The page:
The U.S. PIAAC Skills Map can make comparisons of two areas at a time. For example, a county can be compared to another county or to the state it is in, or a state could be compared to another state or to the nation as a whole. For a given pair of areas—(county1, county2) or (county1, state1) or (state1, state2) or (state1, nation)—the hypothesis testing of the difference between the two areas being equal to zero is performed for all eight measures (percentages of the area's populations at or below Level 1, at Level 2, and at or above Level 3, as well as average scores in both literacy and numeracy domains).
The results are reported as “statistically” different when differences are significant at the critical significance level that was adjusted using the Bonferroni method, an adjustment to account for the additional statistical error that occurs when multiple comparisons are conducted simultaneously. The results are reported as “notably” different when differences that are not significant under the Bonferroni-adjusted critical significance level are significant under a single test at the α (type 1 error) = .05 level.
Reporting on PS-TRE skills is problematic at the county level because the percentage of people who completed PIAAC on a computer is likely to vary widely across counties. It could be misleading to compare average PS-TRE scores or the percentage of the population at a certain PS-TRE proficiency level, because they may represent different percentages of the population as well as different populations (e.g., just the most computer savvy in one county versus a cross-section of computer users in another). Without knowing whether 90 percent or 15 percent of a county's population completed the assessment on a computer, a score of, say, 500 is both not meaningful and misleading. While respondents were encouraged to use the computer for the assessment if they were able, the percentage using the computer could be influenced by personal preference as well. Therefore, the meaning of the percentage at each proficiency level is also influenced by the percentage of respondents who used the computer to complete the assessment. In addition, complete covariance information is not available for respondents who did not use the computer for the assessment. The estimates of PS-TRE performance also have large standard errors that depend on estimates of computer use per county, which also have large standard errors that need to be factored in. For these reasons, it was determined that PS-TRE was not a solid domain for reporting state- and county-level estimates.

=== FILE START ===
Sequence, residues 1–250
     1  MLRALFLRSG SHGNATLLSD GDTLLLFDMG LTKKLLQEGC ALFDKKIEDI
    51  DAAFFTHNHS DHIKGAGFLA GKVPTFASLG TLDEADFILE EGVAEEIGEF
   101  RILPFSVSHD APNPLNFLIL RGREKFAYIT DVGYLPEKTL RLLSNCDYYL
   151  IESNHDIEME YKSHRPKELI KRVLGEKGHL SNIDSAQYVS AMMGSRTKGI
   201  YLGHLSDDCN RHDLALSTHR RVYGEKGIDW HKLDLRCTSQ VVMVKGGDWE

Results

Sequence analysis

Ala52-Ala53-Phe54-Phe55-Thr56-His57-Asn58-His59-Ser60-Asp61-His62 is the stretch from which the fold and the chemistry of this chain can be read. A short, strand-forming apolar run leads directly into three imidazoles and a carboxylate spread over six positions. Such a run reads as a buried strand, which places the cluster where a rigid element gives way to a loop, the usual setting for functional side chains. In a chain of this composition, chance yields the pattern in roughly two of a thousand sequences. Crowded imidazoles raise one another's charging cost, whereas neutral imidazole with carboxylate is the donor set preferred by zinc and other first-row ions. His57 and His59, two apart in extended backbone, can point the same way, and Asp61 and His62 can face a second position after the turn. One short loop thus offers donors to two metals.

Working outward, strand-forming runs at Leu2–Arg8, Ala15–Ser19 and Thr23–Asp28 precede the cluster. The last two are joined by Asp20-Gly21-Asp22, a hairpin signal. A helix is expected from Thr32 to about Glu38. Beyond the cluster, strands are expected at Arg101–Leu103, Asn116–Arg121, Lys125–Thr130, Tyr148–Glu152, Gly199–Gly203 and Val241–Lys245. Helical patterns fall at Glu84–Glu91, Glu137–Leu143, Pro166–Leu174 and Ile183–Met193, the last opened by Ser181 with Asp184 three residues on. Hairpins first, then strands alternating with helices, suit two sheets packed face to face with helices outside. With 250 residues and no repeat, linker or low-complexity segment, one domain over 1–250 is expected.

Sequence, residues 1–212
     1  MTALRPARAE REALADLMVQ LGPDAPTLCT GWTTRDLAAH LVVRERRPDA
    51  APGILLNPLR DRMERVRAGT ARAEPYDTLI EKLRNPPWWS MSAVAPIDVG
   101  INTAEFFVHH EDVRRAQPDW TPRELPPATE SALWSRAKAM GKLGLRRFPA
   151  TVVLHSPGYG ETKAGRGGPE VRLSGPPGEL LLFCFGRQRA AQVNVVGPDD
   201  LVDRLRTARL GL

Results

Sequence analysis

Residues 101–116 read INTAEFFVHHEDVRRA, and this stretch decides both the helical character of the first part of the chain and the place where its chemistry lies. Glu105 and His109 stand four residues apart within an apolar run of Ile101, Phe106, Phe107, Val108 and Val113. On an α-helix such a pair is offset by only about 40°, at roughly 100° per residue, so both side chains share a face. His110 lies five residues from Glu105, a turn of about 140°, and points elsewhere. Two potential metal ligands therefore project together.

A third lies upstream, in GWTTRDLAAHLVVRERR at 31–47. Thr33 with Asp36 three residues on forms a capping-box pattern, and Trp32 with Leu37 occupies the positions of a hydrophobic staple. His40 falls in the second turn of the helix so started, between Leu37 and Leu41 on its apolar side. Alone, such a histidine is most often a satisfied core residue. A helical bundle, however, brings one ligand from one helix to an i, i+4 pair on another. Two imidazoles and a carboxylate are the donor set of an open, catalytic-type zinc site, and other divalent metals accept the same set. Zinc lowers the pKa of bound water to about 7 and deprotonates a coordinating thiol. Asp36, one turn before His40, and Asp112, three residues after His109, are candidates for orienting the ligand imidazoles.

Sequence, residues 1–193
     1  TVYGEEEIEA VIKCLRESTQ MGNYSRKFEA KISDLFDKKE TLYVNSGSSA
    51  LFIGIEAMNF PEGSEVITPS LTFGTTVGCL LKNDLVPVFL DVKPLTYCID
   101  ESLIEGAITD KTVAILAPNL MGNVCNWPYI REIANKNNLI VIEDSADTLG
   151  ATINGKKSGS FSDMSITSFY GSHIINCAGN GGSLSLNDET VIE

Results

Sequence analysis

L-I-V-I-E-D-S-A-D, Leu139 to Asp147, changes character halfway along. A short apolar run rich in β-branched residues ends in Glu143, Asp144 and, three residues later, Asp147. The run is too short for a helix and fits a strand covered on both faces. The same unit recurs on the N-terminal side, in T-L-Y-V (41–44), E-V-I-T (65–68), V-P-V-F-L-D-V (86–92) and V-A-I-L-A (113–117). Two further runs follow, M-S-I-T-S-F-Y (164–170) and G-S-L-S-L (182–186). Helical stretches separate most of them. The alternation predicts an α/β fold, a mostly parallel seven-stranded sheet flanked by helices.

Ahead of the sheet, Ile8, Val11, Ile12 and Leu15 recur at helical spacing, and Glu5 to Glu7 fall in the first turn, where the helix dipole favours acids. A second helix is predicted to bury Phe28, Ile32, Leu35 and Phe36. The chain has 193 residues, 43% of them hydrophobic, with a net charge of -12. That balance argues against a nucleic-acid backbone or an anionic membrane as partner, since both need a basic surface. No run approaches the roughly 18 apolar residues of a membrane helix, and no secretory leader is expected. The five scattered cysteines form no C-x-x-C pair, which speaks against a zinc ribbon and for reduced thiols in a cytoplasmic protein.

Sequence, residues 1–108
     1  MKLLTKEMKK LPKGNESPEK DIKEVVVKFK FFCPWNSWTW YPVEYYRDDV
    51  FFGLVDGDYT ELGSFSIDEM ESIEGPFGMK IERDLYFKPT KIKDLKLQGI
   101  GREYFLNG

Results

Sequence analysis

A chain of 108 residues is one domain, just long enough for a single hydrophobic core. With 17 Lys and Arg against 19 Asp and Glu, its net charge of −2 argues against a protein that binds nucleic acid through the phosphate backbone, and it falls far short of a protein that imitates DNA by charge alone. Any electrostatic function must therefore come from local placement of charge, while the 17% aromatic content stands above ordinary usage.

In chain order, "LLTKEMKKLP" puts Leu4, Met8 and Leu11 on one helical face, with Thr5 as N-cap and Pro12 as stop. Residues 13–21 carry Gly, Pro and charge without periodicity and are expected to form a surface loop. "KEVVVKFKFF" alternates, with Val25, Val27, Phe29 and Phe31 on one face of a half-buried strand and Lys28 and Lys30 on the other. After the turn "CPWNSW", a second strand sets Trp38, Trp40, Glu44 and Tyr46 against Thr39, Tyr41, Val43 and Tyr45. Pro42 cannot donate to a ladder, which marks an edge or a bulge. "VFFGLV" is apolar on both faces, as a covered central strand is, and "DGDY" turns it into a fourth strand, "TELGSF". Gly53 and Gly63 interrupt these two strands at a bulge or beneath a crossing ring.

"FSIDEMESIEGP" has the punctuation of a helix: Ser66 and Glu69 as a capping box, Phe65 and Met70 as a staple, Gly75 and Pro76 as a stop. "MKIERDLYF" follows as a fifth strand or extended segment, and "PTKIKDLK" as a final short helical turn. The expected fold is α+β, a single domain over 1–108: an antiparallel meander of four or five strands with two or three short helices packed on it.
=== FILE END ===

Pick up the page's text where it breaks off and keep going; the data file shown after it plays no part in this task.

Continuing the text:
The proficiency assessment instruments and scales used in the 2003 National Assessment of Adult Literacy (NAAL) and the 1992 National Adult Literacy Survey (NALS) were different from those used in PIAAC, and thus the estimates for counties and states from NAAL and NALS small area estimation (SAE) are not comparable to the corresponding estimates from PIAAC. The table below summarizes other differences between NAAL and PIAAC state and county estimates.
|NAAL and NALS State and County Estimates||U.S. PIAAC State and County Estimates|
|Age range||16 years and older||16- to 74-year-olds|
|Estimates||Percentage of adults lacking basic prose literacy skills||For literacy and numeracy separately:
|Covariates used in SAE model||2003 NAAL model: